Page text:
MARTIN: They were very concerned that bringing the film in about the topic of forgiveness would provoke or open wounds that people were trying to heal –- but the exact opposite happened. It was a Sunday afternoon and it was a very calming experience that day.
The response was really positive. There were parents who had lost children at Virginia Tech during the shootings and they said: Thank you for coming. They were grateful.
People didn’t leave afterward. They stayed and waited and talked with me to tell me their stories about losing someone. They asked me to come back again.
People are ready for the ideas in this film.
DAVID: Why are they so open right now? It’s an ancient idea. It’s always been there in the spiritual toolbox. Why fresh interest right now?
MARTIN: I think people are looking at this in new ways.
You know, I have a background in religious studies. I could have quoted sacred texts about forgiveness throughout the film. We could have spent most of our time exploring those ideas, but that didn’t interest me as much as the new things we’re hearing like what’s happening in these classrooms with children.
DAVID: The scenes in Northern Ireland. Right. I think it’s wonderful that you highlight the importance of something as simple as a storybook in shaping people’s minds and spirits. What kind of stories seemed most popular to you?
MARTIN: Dr. Seuss is one of their favorites for teaching forgiveness. They use his books a lot.
DAVID: I was struck, though, that people do disagree in your film. There are actually contradictions in what people say, over time. Like Elie Wiesel (pictured above), who says at one point that it’s impossible to think about forgiveness for the Holocaust and yet you show how involved he was in campaigning for German acts of forgiveness.
To me, it showed that this whole idea of forgiveness as a tool in peacemaking is really an emerging idea. People are still sorting out what it means and how it can be used.
MARTIN: Yes, that’s right. I wanted to keep the contradictions and disagreements in the film, because I want to people to think about where they agree and disagree in what they’re seeing and what they’re hearing.
This is all emerging. And that’s one reason I was so interested in the Amish community, where forgiveness is such a natural part of their community and has been a part of their community for centuries.
DAVID: I wrote about that experience in the aftermath of the school shootings several times last year myself, because the Amish were just astonishing in their response to the tragedy. I thought there was an almost unbelievable lesson of reconciliation played out in the way they reacted.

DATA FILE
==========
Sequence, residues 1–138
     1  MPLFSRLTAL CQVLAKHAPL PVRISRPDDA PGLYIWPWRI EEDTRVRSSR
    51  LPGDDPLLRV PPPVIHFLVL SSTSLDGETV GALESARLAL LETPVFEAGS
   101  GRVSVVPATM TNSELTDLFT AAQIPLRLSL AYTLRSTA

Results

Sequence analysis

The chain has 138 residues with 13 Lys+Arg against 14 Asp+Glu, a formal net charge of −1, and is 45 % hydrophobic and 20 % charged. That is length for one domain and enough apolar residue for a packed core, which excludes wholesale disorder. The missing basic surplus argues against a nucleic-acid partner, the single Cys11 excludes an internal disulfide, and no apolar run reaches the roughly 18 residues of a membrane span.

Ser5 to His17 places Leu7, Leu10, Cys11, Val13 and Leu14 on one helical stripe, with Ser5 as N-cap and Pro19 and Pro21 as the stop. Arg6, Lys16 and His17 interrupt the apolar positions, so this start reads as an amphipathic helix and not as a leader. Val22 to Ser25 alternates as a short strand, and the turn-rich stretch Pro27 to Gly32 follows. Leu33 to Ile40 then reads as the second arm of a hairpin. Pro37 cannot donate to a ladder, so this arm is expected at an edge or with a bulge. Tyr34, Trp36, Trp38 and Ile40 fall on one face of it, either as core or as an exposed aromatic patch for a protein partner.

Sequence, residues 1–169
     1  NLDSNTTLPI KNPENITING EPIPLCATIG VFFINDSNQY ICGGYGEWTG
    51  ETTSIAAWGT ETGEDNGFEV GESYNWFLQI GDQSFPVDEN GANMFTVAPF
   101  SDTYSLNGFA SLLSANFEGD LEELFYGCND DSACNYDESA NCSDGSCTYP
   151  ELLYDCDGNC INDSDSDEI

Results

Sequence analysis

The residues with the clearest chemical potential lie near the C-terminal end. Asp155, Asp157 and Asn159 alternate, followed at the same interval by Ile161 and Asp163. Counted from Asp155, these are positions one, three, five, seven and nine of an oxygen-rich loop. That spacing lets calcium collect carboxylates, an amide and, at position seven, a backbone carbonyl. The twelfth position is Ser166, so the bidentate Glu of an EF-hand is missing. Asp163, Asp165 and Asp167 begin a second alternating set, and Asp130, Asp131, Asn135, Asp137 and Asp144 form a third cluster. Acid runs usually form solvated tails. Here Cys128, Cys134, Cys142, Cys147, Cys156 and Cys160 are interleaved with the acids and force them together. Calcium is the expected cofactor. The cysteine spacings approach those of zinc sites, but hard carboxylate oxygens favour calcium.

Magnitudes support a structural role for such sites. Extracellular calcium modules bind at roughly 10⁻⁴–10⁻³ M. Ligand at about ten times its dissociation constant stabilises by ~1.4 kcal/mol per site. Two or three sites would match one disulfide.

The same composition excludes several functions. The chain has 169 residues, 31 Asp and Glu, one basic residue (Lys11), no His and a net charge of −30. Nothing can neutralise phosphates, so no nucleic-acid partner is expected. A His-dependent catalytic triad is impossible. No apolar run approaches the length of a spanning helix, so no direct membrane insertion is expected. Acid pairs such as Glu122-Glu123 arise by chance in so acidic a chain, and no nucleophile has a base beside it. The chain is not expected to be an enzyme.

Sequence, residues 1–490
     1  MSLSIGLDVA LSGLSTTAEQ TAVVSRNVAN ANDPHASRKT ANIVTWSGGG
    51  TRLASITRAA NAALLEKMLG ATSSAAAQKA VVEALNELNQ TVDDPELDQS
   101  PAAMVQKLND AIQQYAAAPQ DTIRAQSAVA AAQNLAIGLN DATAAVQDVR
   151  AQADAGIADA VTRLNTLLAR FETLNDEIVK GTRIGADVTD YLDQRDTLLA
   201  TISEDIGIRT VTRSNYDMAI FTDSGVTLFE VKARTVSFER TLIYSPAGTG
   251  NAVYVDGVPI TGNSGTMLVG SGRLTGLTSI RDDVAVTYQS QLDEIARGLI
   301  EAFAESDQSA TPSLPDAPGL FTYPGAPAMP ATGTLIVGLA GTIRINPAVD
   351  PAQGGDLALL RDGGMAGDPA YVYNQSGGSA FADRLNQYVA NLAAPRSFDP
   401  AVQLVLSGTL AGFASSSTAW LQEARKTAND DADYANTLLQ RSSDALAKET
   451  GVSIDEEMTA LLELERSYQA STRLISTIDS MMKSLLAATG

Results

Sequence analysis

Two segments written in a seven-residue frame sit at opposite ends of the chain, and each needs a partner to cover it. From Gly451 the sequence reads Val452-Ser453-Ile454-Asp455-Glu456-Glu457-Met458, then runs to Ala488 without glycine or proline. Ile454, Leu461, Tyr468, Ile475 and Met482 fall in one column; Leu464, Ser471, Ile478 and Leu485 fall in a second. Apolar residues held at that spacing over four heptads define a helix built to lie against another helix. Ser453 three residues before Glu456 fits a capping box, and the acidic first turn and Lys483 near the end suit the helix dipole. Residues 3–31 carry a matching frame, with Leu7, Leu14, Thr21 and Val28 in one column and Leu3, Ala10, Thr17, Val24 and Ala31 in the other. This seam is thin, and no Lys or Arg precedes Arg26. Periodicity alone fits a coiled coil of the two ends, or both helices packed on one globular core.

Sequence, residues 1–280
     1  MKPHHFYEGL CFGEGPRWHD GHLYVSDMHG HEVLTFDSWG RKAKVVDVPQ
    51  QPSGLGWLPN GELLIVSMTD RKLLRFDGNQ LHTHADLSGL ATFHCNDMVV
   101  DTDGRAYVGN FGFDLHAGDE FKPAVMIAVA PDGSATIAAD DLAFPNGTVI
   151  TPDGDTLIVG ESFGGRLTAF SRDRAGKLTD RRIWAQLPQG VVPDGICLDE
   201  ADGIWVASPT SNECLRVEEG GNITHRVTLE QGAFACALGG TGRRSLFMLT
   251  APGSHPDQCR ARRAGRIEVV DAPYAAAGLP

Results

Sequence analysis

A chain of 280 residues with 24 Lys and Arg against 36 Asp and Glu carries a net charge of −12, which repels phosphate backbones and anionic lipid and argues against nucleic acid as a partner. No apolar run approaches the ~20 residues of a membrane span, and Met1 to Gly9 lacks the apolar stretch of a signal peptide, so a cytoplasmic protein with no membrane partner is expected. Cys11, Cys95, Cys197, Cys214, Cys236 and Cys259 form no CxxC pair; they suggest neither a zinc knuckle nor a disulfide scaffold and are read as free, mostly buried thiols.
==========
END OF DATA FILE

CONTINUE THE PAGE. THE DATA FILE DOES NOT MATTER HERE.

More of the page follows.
MARTIN: It is hard for us to understand this. We have such a strongly justice-focused culture in this country and part of this is all wrapped up in our strident sense of individualism. We feel like we’re all alone and isolated –- and that’s why the Amish story was such an important part of the film for me.
I actually was coming down toward the end of the line in the making of the film when the tragedy in Nickel Mines happened and the Amish put the concept of forgiveness back into the headlines of every newspaper in the world.
We need to keep thinking about this. In most communities, we support each other in our anger much more than we ever consider supporting each other in our forgiveness. We find lots of company in our anger and we’re often alone in the pathways that lead to forgiveness.
DAVID: That’s why I thought Elie Wiesel was so important in the film, too. He understands the importance of what might almost be called communal rituals of forgiveness and reconciliation.
MARTIN: He understands the power of a symbolic gesture. Nothing will ever fully atone for the killing of 6 million Jews, but making a sincere symbolic gesture helps all of us, as humanity, to come to terms with something so terrible.
In our country, we haven’t done enough to create symbolic gestures that will help us all to deal with the legacy of slavery. And, as a result of that, there still are undercurrents of this wound in our country. The Jena Six experience speaks to the importance of addressing that wound.
DAVID: So, as you take this film into churches, among other places, you’re actually speaking to people who can make a difference, starting with this issue of structuring these important symbols that set the stage, right?
MARTIN: Yes, because all of us who work in this world of religion and spirituality already have bought into the power of symbolic gestures. We innately understand this power, whether it’s through rituals that we believe in or it’s through the symbolic nature of the language we use in religion.
When it comes to forgiveness, people ask me all the time: What can we do about this problem?
And I’m saying to many people: You already know the first thing to do.